Table 2 mRNA expression of stem cell makers in human lung cancer and non-cancer lung tissues
Figure 1
figure 1

Example RT-PCR bands of human lung cancer and non-lung cancer biopsy tissues obtained from bronchoscopy. Total RNAs were isolated and reverse transcribed to cDNA from the biopsy tissues. RT-PCR Products of β-actin and stem-cell-associated markers were run on 2% agarose gels with ethidium bromide.

Table 3 Correlation between stem cell mRNA expression of biopsy samples and lung cancer clinical features

Localization and expression patterns of stem-cell-associated markers protein in non-malignant lung tissues and lung cancer

Based on our RT-PCR results, most of the stem-cell-associated markers mRNA were expressed in non-malignant lung tissues although the expression levels were relative low. Therefore, we further examined the localization and expression patterns of stem cell markers in non-malignant lung tissues and lung cancer by IHC.

Bmi1 was diffusely expressed in bronchial epithelium cells, alveolar epithelium cells, lung interstitial cells and some inflammatory cells of all non-malignant lung tissues (Figure 2A), and was diffusely expressed in 47 cases of lung cancer and focally expressed in 1 case of Ad and 1 case of SCLC (Figure 2A). Similar to Bmi1, CD44 was abundantly expressed in alveolar epithelium cells, lung interstitial cells, macrophages, inflammatory cells and metaplastic squamous bronchial epithelium of non-malignant lung tissues (Figure 2B), but was absent in normal bronchial epithelium cells. 38 out of 50 lung cancer tissues were positive for CD44, of which 37 cases were diffusely positive and 1 case was focally positive expression (Figure 2B).

Figure 2
figure 2

Representative the expression of Bmi1, CD44, CD133, Sox2, Nanog, OCT4 and Msi2 in normal lung, benign lesion and lung cancer. (A) Nuclear staining of Bmi1 is expressed (red arrows) in normal lung, benign fibroma of lung and squamous cell carcinomas. (B) Membranous staining of CD44 in normal lung, benign fibroma of lung and squamous cell carcinomas. (C) Membranous and cytoplastic staining of CD133 in normal bronchial epithelium cells and squamous cell carcinomas, negative immunostaining signal of CD133 in benign fibroma of lung. (D) Nuclear staining of Sox2 in normal bronchial epithelium cells, squamous metaplasia and squamous cell carcinomas. (E) Cytoplastic and nuclear staining of Msi2 in normal bronchial epithelium cells, squamous metaplasia and squamous cell carcinomas. (F) Negative immunostaining signal of Nanog in normal lung, cytoplastic staining of Nanog in squamous metaplasia and squamous cell carcinomas. (G). Negative immunostaining signal of OCT4 in normal lung and tuberculosis, nuclear staining of OCT4 in small cell lung carcinomas. All images were taken at 400× magnification.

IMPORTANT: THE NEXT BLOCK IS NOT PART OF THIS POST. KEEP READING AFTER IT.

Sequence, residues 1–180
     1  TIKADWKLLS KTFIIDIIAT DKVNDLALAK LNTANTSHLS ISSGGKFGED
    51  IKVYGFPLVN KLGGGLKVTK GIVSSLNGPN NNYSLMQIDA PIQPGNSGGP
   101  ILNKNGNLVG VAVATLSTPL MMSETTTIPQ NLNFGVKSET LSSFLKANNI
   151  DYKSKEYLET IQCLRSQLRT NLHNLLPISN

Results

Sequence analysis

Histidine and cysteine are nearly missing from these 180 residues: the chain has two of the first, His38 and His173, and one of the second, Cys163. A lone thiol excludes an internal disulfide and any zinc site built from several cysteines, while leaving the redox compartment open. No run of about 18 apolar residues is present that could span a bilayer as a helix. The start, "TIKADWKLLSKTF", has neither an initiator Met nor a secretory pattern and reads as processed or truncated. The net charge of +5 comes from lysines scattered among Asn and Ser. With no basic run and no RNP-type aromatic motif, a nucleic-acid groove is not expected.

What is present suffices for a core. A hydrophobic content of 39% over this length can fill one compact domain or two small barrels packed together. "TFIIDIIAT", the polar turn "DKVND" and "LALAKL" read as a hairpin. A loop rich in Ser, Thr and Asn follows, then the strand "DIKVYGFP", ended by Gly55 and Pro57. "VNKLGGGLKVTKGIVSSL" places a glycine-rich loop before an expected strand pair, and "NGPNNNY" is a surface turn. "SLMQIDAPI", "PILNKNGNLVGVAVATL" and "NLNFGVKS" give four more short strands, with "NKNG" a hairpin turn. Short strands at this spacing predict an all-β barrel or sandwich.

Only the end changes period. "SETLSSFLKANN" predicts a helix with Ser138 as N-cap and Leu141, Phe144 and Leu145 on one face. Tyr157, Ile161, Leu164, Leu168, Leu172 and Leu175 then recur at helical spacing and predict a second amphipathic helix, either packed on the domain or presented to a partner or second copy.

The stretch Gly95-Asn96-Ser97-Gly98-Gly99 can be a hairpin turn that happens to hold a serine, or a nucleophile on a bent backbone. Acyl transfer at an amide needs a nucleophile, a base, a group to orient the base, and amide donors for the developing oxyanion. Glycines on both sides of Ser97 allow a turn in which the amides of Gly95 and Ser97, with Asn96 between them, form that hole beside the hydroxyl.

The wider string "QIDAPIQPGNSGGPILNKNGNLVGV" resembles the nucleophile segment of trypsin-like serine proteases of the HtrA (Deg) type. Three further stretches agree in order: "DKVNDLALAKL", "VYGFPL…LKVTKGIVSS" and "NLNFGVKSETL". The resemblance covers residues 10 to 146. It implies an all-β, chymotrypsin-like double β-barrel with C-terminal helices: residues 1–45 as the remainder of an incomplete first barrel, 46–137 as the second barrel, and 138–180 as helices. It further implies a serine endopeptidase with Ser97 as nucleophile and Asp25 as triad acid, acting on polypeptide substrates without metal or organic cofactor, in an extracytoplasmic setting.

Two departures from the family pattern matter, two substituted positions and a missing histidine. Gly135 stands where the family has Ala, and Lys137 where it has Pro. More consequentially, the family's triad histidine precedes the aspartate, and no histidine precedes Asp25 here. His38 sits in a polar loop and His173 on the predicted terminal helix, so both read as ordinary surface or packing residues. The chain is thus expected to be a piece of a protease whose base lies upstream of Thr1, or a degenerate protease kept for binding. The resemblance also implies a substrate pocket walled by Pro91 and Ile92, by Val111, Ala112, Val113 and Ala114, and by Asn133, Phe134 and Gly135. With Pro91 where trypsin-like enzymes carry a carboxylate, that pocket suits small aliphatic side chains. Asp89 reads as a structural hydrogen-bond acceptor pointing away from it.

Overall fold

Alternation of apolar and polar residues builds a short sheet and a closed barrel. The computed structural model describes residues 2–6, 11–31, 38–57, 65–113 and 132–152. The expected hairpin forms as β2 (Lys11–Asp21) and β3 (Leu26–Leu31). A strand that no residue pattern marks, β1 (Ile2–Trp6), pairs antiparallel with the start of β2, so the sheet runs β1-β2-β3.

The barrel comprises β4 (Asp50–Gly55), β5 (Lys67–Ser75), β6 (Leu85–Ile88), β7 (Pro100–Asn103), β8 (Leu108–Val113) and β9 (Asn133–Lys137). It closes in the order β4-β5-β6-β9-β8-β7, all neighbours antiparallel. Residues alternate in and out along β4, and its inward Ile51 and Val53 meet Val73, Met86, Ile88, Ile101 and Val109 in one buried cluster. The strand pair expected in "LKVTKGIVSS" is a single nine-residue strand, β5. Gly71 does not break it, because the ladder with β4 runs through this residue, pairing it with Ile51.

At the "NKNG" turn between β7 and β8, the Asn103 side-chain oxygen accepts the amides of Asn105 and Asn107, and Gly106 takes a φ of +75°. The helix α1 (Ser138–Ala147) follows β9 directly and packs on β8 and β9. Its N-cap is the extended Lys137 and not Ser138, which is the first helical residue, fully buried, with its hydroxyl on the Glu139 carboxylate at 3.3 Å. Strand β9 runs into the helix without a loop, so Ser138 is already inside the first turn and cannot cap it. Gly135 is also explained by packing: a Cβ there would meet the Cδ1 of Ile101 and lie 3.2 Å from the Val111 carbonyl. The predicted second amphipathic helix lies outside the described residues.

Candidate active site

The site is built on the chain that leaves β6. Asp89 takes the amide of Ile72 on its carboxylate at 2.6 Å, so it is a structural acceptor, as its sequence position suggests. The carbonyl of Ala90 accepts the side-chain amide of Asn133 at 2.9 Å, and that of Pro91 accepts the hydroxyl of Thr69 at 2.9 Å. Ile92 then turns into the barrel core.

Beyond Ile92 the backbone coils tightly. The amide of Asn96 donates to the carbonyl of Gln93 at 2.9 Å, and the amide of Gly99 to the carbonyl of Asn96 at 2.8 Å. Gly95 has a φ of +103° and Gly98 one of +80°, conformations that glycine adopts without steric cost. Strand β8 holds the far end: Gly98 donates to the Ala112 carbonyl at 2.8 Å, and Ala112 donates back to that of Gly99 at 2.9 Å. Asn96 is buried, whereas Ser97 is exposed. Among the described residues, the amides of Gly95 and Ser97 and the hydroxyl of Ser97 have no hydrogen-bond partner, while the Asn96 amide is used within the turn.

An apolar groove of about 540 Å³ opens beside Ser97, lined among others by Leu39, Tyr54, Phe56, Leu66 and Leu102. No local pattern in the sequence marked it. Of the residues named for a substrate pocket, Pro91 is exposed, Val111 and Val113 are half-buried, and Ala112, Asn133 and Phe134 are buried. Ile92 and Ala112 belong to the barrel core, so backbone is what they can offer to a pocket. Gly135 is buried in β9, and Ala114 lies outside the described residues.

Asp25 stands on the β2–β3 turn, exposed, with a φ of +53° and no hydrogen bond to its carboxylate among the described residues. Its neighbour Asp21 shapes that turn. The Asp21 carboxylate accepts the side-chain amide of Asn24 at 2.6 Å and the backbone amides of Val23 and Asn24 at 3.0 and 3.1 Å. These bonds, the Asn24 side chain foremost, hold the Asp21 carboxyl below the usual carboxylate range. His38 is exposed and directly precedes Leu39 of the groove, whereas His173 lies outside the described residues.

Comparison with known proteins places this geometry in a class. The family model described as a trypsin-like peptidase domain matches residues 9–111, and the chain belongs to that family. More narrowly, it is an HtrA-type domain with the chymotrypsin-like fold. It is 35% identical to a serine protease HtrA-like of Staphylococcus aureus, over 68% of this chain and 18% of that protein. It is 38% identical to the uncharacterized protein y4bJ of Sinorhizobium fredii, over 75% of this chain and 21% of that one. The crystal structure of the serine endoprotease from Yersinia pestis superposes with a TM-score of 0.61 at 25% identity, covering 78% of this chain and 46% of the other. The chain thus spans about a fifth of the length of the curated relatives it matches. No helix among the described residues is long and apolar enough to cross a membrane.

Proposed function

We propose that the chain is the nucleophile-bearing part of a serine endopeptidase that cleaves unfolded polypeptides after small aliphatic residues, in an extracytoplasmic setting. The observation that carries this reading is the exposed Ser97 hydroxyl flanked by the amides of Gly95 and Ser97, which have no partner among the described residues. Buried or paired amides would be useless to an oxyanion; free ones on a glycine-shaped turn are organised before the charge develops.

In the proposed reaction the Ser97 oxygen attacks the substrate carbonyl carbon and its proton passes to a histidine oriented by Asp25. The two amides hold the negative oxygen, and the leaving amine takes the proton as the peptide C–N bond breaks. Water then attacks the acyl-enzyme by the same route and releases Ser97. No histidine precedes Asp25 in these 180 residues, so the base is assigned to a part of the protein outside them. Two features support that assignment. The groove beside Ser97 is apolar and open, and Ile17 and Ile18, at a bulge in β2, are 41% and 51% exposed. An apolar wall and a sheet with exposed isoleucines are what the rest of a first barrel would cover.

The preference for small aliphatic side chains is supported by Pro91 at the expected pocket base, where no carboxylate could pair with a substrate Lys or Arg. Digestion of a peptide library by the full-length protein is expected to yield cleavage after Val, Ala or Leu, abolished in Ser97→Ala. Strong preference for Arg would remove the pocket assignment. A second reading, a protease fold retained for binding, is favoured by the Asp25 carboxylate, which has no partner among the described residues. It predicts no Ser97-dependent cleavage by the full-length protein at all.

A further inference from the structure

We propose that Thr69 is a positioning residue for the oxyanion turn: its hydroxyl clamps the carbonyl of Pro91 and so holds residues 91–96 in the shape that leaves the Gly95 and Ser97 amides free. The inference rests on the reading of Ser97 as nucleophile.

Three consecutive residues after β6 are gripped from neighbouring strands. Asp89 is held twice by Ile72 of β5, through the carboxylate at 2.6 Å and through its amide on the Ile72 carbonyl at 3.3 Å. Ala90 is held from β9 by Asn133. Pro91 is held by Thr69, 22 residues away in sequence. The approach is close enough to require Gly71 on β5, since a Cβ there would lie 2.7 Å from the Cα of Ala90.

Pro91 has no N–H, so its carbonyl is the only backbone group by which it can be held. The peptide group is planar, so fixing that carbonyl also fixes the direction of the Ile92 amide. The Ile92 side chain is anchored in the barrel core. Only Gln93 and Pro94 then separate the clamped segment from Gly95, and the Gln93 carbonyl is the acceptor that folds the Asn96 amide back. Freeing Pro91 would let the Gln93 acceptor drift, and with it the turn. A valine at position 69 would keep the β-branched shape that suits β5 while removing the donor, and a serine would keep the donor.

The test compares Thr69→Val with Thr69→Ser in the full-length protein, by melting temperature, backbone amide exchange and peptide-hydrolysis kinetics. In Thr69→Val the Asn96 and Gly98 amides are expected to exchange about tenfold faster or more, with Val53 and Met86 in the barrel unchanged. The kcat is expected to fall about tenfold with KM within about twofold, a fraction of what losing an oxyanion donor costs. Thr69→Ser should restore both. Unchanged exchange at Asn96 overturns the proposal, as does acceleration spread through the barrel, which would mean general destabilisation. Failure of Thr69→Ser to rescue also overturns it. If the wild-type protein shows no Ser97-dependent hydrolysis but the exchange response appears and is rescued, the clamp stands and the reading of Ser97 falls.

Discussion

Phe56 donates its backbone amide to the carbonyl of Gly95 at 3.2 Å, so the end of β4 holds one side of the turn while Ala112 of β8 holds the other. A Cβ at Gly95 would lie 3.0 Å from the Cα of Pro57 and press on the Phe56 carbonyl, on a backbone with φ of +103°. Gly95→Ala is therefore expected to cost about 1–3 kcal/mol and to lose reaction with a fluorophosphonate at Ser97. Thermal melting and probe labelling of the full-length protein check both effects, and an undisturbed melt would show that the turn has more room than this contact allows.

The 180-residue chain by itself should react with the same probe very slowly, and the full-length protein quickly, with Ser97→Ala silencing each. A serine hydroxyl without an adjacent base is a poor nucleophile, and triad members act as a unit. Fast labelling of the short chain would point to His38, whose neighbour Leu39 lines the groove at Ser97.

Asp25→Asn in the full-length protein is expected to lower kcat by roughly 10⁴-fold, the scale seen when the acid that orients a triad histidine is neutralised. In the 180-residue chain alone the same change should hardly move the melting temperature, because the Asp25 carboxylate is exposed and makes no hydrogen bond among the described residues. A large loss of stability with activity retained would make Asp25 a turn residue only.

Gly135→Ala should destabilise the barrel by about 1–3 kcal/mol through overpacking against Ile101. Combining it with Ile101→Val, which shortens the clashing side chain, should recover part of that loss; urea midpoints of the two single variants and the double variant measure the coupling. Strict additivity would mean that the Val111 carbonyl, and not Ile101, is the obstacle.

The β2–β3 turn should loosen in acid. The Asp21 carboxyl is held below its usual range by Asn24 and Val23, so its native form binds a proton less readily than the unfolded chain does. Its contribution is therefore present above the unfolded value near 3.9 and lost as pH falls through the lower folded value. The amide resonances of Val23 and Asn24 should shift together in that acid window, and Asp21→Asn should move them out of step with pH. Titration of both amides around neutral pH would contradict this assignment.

In non-malignant lung tissues, CD133 was exclusively expressed in some, but not all, bronchial epithelium cells and bronchial smooth muscle cells (Figure 2C). CD133+ bronchial epithelium cells were found in 74% of non-malignant lung tissues while CD133+ bronchial smooth muscle cells were 70%. In lung cancer tissues, about 56% of tumor samples were diffusely positive, 8% focally positive and 2% isolated positive for CD133 (Figure 2C).